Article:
If, in order to obtain, use or benefit from a provider’s goods or services, persons with disabilities usually use particular facilities or services of the provider and if there is a temporary disruption in those facilities or services, the Regulation states that the provider shall give notice of the disruption to the public. The notice should be posted in a conspicuous place, such as the window of the premises or on a service provider’s website, and should explain the reason for, and expected duration of the disruption, and should describe any alternative facilities that may be available.

4.            Training for staff

Every person who is employed by an organization in the delivery of its goods or services or who assists the organization in developing its policies, practices and procedures governing the provision of goods or services will be required to receive ongoing training regarding the provision of goods and services to persons with disabilities. The training must specifically address:

·         How to interact and communicate with persons with various types of disability.

·         How to interact with persons with disabilities who use an assistive device or require the assistance of a guide dog or other service animal or the assistance of a support person.

·         How to use equipment or devices available on the provider’s premises or otherwise provided by the provider that may help with the provision of goods or services to a person with a disability.

·         What to do if a person with a particular type of disability is having difficulty accessing the provider’s goods or services.

5.            Feedback process

The Regulation requires goods and service providers to establish a process for receiving and responding to feedback regarding the manner in which it provides goods or services to persons with disabilities. Information about the process must be made readily available to the public and must specify the actions that the organization is required to take if a complaint is received. The feedback process must permit feedback to be given in person, by telephone, in writing, or by electronic means.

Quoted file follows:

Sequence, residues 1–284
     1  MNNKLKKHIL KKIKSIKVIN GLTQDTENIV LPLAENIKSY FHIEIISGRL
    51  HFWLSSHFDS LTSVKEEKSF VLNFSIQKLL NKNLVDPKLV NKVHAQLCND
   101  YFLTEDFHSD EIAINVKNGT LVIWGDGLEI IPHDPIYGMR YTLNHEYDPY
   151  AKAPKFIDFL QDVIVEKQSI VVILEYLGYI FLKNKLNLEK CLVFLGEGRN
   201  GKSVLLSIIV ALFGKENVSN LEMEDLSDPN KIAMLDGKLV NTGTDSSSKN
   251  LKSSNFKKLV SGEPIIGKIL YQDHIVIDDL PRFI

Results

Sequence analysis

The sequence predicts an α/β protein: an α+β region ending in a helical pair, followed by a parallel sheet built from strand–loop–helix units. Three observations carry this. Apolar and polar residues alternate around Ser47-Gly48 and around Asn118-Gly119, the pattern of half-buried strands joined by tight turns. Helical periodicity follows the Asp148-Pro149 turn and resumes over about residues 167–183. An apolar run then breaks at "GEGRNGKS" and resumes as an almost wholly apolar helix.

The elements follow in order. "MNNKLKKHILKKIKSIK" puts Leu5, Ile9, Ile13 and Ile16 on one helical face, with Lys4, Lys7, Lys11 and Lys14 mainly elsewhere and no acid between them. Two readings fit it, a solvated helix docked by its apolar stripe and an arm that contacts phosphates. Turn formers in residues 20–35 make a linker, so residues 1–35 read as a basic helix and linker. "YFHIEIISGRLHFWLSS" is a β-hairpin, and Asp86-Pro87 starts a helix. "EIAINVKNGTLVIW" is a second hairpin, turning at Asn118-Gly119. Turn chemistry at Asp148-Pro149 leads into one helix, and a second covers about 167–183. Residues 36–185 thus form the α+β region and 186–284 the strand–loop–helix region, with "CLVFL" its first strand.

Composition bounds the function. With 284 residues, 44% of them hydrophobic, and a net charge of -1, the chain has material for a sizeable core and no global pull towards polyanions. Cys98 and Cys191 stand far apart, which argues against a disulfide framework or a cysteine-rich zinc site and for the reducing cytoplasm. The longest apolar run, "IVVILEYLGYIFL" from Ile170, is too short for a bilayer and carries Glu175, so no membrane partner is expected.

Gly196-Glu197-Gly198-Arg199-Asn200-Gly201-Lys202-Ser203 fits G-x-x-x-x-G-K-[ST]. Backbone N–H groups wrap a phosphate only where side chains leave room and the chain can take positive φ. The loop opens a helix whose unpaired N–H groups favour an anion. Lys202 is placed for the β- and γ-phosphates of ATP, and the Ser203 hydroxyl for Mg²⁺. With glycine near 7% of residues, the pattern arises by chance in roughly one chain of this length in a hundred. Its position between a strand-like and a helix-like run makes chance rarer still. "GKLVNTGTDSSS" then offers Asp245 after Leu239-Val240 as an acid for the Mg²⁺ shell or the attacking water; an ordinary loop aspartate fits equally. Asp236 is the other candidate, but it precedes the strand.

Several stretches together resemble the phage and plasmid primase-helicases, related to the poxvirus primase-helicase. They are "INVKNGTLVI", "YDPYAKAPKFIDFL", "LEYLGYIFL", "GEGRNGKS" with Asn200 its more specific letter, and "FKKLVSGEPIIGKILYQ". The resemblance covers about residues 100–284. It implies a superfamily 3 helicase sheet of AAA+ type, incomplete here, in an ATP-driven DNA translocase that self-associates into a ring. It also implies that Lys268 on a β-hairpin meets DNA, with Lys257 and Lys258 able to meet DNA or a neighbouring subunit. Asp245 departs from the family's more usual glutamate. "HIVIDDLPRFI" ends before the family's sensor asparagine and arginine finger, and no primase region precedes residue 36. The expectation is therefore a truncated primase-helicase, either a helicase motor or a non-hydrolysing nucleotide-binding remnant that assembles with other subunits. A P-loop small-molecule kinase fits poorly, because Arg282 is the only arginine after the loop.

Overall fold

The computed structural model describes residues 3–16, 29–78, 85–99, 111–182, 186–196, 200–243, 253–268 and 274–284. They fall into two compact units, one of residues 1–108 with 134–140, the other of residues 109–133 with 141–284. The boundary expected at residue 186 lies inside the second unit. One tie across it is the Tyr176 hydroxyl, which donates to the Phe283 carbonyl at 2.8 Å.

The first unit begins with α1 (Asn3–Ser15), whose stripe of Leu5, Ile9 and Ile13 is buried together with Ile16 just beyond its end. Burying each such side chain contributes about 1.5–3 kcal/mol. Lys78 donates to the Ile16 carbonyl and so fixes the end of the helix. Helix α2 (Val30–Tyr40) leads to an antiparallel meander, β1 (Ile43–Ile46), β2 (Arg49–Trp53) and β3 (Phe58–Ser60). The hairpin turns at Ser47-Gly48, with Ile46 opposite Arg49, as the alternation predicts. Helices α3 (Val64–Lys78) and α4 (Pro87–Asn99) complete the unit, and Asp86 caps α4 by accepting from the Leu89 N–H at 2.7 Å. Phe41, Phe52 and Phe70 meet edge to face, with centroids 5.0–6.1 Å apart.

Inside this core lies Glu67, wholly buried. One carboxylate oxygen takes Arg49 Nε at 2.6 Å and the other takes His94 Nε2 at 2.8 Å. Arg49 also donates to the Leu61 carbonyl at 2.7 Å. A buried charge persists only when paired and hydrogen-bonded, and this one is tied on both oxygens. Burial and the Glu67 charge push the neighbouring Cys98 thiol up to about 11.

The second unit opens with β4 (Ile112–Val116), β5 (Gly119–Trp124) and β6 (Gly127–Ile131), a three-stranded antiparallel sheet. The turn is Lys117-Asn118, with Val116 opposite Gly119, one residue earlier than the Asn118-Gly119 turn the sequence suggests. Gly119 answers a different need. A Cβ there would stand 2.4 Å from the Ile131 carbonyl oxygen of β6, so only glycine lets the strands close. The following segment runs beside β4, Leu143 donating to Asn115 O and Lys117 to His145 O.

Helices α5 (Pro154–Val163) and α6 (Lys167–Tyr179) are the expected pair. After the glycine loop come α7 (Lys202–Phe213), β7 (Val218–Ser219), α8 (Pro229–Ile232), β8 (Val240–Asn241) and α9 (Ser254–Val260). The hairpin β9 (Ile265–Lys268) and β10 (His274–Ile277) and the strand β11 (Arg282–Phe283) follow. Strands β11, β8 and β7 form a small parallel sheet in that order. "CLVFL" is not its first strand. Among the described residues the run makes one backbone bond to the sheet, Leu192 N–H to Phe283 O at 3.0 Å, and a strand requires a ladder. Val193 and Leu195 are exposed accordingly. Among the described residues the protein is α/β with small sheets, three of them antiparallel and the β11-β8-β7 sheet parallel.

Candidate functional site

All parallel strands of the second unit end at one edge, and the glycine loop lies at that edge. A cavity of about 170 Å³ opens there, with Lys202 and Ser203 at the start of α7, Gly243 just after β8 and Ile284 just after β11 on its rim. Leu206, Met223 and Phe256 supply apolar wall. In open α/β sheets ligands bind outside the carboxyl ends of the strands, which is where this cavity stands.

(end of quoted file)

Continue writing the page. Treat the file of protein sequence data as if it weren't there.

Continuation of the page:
Section 14 (1) of the Accessibility for Ontarians with Disabilities Act, 2005 requires a person or organization to whom an accessibility standard applies to file an accessibility report with the director annually or at such other times as the director may specify. By operation of Ontario Regulation 430/07, this requirement will initially apply only to organizations which have 20 or more employees. Accessibility reports can currently be filed online through the Service Ontario website. More information is available online at


Although the Regulation will not apply to non-government goods and service providers until January 2012, charities and non-profits in Ontario would be well advised to begin preparations so that they will be able to comply with the Accessibility Standards for Customer Service when the Regulation applies to them next year. The government of Ontario has published a number of helpful guidance documents on the Ministry of Community and Social Services website to assist organizations in this regard. It is highly recommended that organizations to whom the regulation applies review and become familiar with these publications. The documents can be accessed directly using the links provided above, or by visiting the ministry’s designated website regarding Accessibility for Ontarians with disabilities at

* Terrance S. Carter, B.A., LL.B., Trade-Mark Agent, is the managing partner of Carters Profession Corporation, and counsel to Fasken Martineau DuMoulin LLP. The author would like to thank articling student Colin Thurston, J.D., Student-at-Law, for assisting in the preparation of this bulletin.




DISCLAIMER: This Charity Law Bulletin is a summary of current legal issues provided as an information service by Carters Professional Corporation. It is current only as of the date of the Bulletin and does not reflect subsequent changes in the law. The Charity Law Bulletin is distributed with the understanding that it does not constitute legal advice or establish the solicitor/client relationship by way of any information contained herein. The contents are intended for general information purposes only and under no circumstances can be relied upon for legal decision-making. Readers are advised to consult with a qualified lawyer and obtain a written opinion concerning the specifics of their particular situation.
© 2010 Carters Professional Corporation